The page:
Setting boundaries can be difficult, but it’s sometimes the only way to preserve a relationship with someone dealing with substance use disorder.
It can be easy for your own mental health to take a backseat when you love and support someone with substance use disorder.
Substance use disorder doesn’t just affect the person living with it. It can have a ripple effect on everyone in their inner circle, including:
Community is an important part of recovery. Showing compassion and support to someone dealing with substance use disorder is completely appropriate. But sometimes, people may find themselves trying to force a positive change on their loved ones.
Ultimately, treatment and recovery is an individual decision. There are times when the healthiest choice might be to lovingly detach rather than to try to control someone’s behavior.
When it comes to substance use disorder, detachment may involve setting clear boundaries and ceasing to take responsibility for someone else’s behavior.
Family and friends can easily be drawn into damaging patterns cause by enabling behavior. They may try to:
- fix the person
- cover for them
- drop everything to rescue them when there’s a crisis
It’s understandable to want to do everything you can to help someone you love. But ultimately, enabling is not helpful to either party.
Enabling a loved one with substance use disorder instead of supporting them in healthy ways might result in:
- self-destructive behavior in the person with substance use disorder
- disempowerment of both parties
- a codependent dynamic that could damage the relationship
- feeling drained
Detaching with love can be more supportive than enabling, because it allows the person with substance use disorder to experience the consequences of their actions.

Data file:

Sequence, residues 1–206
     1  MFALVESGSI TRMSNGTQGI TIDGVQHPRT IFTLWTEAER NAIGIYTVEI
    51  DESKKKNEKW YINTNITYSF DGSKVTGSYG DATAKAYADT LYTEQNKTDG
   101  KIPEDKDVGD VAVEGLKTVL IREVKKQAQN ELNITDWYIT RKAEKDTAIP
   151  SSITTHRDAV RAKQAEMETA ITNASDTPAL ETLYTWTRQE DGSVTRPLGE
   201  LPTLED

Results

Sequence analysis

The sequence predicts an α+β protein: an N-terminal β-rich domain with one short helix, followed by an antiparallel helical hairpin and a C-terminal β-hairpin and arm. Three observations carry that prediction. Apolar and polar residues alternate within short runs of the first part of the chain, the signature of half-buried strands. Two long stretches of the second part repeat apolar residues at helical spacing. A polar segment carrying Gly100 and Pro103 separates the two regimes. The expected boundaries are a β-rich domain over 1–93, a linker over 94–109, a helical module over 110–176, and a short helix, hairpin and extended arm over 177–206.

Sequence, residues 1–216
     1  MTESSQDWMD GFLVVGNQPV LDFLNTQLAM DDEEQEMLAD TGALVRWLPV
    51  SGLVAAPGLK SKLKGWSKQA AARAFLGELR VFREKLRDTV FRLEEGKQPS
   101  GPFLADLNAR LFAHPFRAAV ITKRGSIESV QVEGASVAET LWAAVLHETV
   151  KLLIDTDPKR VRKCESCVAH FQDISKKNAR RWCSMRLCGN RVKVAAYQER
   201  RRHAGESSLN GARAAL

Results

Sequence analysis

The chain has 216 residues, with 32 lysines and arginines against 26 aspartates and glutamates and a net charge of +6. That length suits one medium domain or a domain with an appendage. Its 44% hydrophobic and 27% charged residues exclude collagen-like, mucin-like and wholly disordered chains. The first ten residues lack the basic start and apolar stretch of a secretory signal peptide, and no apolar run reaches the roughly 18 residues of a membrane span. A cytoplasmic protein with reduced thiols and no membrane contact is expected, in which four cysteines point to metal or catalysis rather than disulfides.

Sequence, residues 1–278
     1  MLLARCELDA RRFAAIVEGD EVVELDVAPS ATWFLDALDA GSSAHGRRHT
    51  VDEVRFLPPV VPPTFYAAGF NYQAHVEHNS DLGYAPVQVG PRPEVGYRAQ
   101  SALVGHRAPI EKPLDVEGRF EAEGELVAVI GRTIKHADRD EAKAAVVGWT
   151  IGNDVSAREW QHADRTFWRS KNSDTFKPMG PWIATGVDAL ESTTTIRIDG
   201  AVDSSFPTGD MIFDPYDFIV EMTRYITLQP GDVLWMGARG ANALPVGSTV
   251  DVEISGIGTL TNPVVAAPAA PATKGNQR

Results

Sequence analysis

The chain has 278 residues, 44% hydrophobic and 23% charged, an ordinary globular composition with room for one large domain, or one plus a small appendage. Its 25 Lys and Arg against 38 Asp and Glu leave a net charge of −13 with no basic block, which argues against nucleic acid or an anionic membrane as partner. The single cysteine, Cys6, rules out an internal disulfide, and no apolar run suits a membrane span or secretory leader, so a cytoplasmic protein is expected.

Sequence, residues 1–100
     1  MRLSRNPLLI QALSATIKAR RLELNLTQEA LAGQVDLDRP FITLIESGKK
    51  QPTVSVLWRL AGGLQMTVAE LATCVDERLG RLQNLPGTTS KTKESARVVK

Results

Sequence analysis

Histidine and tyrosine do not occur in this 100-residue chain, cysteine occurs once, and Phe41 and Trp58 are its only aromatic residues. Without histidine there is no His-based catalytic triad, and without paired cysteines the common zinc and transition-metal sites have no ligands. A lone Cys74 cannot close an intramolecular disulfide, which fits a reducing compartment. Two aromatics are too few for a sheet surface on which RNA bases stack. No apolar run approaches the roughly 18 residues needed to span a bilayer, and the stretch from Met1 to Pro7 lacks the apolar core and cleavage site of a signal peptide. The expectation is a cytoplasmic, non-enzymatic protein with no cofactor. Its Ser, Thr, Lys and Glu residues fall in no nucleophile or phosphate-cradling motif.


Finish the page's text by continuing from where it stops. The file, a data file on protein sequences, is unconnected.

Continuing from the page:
This doesn’t mean you stop caring or that you cut off contact. In fact, detaching can sometimes be the best way to preserve the relationship.
The ways you choose to detach might depend on the specifics of your situation and relationship with the person. It may be helpful to start by reflecting on which behaviors or parts of your relationship you’d like to see changed.
Clearly communicating your decision to your loved one can help them understand your boundaries. For example, if you frequently find yourself bailing the other person out, you can calmly let them know that you can no longer do this.
You may also consider offering alternatives or solutions. If you often feel drained by constant contact or talking about their issues excessively, you might gently suggest they find a therapist or counselor.
Avoid enabling — even in dire straits
Substance use disorder may sometimes impact a person to the point of risking their job or housing. It may feel impossible to refuse to help a loved one in this situation.
Though challenging, sticking to your boundaries can be important in these tough circumstances. It’s also critical to try not to lie or make excuses for their behavior. Shielding them from the consequences of their actions could be harmful in the long run.
Disengage when they’re using
Witnessing your loved one using substances can be very upsetting and stressful. Putting up with discomfort might sometimes feel easier than risking a possible confrontation.
But in doing so, you may be putting their needs ahead of your own. This may set a precedent for creating an environment where their negative behavior can continue to go on unchecked.
You can honor yourself and your boundaries by disengaging from your loved one when they are using. This could mean physically leaving the environment where they are using or refusing to take calls or texts when they’re under the influence.
Don’t ignore dangerous behavior